THE original inventor of the burkini, Aheda Zanetti, has said that the furore surrounding the cover-up – which has been banned by French authorities – is “misunderstood”.
“I think it’s totally misunderstood. I feel so sorry for the people who are going to be affected by it,” Zanetti told WWD of the ban which has been implemented in up to 15 beach resorts in Nice and Cannes. “The burkini was intended to integrate and bring people together. To give them the freedom of choice to wear something modest if they choose to be modest for whatever reason they need to be modest for. It should be happy and positive. It is turning something meant to give women the freedom of participating in health and fitness into a negative thing.”
This weekend in Cannes, three women wearing burkinis on the beach were each given €38 fines by police patrolling the shore, while images have surfaced this week of authorities ordering bathers to remove their burkinis on a nearby beach. Last week, a French court upheld the ban following complaints from human-rights groups, saying that it “was necessary to avoid public disorder after a wave of attacks by Islamic extremists, including the murder of 86 people mown down by a lorry in Nice last month”, reports The Times.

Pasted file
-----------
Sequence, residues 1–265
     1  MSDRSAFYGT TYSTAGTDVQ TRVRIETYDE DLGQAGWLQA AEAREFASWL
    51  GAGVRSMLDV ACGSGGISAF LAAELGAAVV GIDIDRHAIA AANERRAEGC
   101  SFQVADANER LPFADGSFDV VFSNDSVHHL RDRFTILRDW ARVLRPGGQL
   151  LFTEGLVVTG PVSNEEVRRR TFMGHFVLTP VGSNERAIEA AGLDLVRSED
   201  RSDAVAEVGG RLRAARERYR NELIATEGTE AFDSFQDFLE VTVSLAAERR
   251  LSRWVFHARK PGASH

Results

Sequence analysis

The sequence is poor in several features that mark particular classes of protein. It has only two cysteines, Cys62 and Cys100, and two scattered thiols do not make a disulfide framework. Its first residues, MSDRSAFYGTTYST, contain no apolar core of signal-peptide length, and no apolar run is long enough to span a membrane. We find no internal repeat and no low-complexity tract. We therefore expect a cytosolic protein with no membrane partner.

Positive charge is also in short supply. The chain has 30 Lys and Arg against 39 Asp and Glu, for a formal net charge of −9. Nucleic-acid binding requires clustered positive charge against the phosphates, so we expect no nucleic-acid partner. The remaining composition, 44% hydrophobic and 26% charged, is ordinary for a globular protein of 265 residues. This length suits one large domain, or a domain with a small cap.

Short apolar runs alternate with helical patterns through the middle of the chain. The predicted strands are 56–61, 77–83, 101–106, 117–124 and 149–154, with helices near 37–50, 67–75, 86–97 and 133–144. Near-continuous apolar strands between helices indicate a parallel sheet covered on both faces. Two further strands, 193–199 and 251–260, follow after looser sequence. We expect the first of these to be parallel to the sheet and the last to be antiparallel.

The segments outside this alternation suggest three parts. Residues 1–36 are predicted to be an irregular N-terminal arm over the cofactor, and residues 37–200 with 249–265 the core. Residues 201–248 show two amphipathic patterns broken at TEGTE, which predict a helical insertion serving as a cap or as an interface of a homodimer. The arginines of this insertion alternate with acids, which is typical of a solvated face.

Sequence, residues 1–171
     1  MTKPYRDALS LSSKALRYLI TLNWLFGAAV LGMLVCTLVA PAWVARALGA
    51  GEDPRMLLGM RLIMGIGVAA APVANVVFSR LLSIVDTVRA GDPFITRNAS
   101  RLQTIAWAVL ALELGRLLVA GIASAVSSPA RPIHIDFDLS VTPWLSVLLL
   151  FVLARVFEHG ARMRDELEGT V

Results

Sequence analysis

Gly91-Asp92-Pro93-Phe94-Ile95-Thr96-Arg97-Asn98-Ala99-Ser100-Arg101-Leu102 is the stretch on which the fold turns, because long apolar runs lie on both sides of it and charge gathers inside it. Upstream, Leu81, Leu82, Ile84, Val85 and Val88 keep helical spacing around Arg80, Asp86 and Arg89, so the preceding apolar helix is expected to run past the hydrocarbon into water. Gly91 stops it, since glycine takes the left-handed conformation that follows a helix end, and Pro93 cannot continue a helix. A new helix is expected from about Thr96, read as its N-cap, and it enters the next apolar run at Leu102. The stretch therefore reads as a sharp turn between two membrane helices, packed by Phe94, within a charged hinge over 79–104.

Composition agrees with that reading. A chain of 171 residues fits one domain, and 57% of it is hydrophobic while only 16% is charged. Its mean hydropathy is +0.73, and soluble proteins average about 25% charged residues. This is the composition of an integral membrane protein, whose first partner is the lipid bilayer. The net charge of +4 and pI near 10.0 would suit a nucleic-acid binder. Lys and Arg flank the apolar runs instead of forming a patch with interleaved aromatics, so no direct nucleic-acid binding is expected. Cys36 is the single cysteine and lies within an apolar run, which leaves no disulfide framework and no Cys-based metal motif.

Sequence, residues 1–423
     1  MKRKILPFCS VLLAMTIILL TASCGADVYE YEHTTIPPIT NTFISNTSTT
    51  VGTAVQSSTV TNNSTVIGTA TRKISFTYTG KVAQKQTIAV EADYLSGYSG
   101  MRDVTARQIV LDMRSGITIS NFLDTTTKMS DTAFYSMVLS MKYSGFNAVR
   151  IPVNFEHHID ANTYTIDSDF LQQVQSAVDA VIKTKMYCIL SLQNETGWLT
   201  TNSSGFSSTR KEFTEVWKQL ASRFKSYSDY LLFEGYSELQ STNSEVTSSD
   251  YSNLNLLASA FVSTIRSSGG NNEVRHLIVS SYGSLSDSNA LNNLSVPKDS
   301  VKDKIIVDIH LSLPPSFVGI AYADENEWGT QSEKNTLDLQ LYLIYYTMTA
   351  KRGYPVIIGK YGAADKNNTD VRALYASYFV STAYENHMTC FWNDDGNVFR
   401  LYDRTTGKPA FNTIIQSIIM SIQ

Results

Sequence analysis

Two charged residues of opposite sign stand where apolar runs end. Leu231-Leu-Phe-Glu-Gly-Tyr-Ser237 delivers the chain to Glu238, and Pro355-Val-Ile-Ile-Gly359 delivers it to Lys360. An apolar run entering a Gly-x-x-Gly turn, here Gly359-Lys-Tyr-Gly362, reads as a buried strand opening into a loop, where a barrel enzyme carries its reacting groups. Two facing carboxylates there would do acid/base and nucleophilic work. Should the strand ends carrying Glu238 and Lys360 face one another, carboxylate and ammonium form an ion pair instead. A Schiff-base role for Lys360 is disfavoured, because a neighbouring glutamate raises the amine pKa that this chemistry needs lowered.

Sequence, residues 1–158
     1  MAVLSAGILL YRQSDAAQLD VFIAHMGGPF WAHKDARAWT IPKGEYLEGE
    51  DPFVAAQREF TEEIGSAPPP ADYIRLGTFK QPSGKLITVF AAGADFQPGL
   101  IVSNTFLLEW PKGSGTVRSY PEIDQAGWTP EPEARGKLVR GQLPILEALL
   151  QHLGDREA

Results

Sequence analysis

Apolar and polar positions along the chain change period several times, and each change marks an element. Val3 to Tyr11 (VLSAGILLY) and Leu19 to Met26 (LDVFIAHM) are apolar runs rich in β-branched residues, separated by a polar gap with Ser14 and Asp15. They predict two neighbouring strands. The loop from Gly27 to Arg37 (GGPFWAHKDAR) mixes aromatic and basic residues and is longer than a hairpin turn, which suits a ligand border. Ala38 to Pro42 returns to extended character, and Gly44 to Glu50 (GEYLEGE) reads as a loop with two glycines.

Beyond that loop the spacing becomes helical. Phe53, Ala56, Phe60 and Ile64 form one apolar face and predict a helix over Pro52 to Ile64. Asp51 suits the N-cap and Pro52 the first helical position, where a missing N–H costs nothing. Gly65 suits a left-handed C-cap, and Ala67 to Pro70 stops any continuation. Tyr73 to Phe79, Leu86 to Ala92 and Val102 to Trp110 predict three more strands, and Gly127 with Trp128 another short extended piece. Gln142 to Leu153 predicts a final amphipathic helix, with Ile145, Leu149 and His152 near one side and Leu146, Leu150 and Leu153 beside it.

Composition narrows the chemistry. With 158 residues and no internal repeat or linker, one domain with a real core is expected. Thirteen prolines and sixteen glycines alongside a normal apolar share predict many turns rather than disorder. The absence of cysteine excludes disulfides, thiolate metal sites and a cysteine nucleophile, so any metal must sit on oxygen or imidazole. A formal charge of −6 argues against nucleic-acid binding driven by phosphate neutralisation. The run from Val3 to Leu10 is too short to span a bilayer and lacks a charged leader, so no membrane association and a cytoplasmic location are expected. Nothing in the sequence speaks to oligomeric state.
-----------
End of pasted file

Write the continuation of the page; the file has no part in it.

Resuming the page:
The mayor of Cannes’s ban states that: “Beachwear which ostentatiously displays religious affiliation, when France and places of worship are currently the target of terrorist attacks, is liable to create risks of disrupting public order,” reports the BBC.
Zanetti, who counts her customer base as 60 per cent Muslim, with the rest being “non-Muslim who want to cover up for a number of reasons”, said that while she has had a few negative reactions to the swimwear in her native Australia, she has become a voice for women’s rights.
“I think the French need to understand what a burkini swimsuit is and what it’s there for. They can’t take a lifestyle away from a Muslim woman or any woman for that matter,” she said. “The cancer patients, for example. If you are going to take away the right for them to protect their skin from the sun, what are you trying to do? Put them back inside their home?”
Zanetti’s comments come as Italian beach resorts close to the French border say that they have seen a “surge in burkini-clad bathers”, according to the report by The Times. The mayor of Alassio – just over 100km from Nice – has said that they have no intention of imposing the ban, a sentiment echoed by the Italian interior minister. “I don’t pray to Allah, but I was educated in a culture that involves religious freedom,” said Angelino Alfano.
The ban is currently in place in the resort of Cannes until August 31.